Thee Gravemen are a garage rockabilly duo of two expatriate Englishmen who found themselves calling Sweden home, Sir Lee Tea handles guitar and vocal duties whilst Devilish Daz is the funky drummer. These two gentlemen have a pedigree rooted firmly in the proud British tradition of playing insanely awesome rock and roll, they got together a couple years back to play a Johnny Cash Tribute show and decided to roll with it, Anydamnway, let’s get to the review!
English (from Google):
Rock and brass … Hmm … it can be heavy and indigestible. But when it is perfectly executed, personally, I agree 100%, snapping his fingers and tapping his foot as Thumper rabbit.
With its name extension, the combo of Oxford does not go unnoticed and, led by Sir Bald Diddley its leader (aka Hipbone Slim), we propose an album shaped cocktail of ska, blue beat, rock’n roll, swing and so on … what to put fire on the dance floor and shake their heads to the most embittered.
Playing like a schizophrenic battle of the bands within the insatiable creativity of one man ably aided by his equally skilled and hungry cohorts, Hipbone Slim vs. Sir Bald is simply one thrilling treat to let loose all those inhibitions to. The album is a forty track double CD release bursting with unadulterated goodness and mastery from the King of UK rock n roll, Sir Bald Diddley. A man with more musical alter-egos than hairs on his head, Sir Bald has created some of the most essential sounds in modern rock n roll, songs which could easily have graced and driven forward the times of their influences whilst standing as fresh and vibrant leaders of today.
Two CDs, four bands, one common denominator: Sir Bald Diddley. Or is it Hipbone Slim? There’s a severe case of spilt personality going down over these 40 tracks and it’s prime stuff for lovers of the garage/surf/beat/exotic rock genres.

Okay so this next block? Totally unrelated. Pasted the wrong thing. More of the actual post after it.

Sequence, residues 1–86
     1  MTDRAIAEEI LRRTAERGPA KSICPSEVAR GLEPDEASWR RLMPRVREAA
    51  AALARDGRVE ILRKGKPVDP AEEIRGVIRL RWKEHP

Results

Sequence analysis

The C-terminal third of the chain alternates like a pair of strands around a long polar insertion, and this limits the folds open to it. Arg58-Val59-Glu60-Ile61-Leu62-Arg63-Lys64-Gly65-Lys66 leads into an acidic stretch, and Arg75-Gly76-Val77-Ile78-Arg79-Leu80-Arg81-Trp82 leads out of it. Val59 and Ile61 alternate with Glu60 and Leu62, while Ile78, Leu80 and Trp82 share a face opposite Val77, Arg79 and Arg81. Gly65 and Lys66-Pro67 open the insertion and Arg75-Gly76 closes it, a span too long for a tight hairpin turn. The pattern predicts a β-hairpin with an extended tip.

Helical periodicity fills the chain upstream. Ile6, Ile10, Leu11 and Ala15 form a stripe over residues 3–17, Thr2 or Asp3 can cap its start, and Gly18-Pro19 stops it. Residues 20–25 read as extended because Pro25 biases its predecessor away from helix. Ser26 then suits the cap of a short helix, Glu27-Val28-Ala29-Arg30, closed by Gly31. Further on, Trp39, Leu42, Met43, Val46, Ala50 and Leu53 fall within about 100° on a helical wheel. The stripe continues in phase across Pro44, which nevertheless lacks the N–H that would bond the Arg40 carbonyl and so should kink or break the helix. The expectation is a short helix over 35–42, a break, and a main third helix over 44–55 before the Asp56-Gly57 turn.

It’s a feast without a McCrappy Meal in sight and there’s almost too much to swallow in one sitting. Sir Bald/Hipbone has a voice once described as “Ricky Nelson gone very wrong”. It’s hard to top that but does “Dion on a dextroamphetamine run” go close? I think Sir Bald/Hipbone could sing the phone book backwards and still sound tolerable, but I like my vocalists with character.
I first came across MFC Chicken playing in a dank pit in London last year, the place was hot, I was drunk and it sounded like I’d wandered into the Spanish Castle Ballroom in Seattle. They play the kind of loud, greasy, sax-driven white boy R&B that was heard in halls all over the northwest of America in the early 60’s.
I knew it would only be a matter of time before somebody scooped them up for a record..
Dirty Water got there first and ordered a platterful of deep-fried northwest raunch with a side of souped-up intros. The album opener “Chicken, Baby, Chicken” begins as it means to go on.. ‘One chicken, two chicken, one chicken, two chicken, three chicken, four chicken..’ Who needs meaningful lyrics when you’ve got Col. Spencer wailing on sax?
The whole album reeks like a Holloway Rd chicken shack of the sounds the godfathers of grind, The Sonics, would have cut their teeth on.. from the nutty instro of “Wild Safari” to the straight up Fabulous Wailers buzz “Royal We”. That’s not to say it’s derivative, MFC definitely have their own spin on it, the whole album is filled with the kind of raw humour that would make Chuck Berry blush.
There’s not much else I can say about this record other than that I fucking love it and you are going to love it too.
One million stars.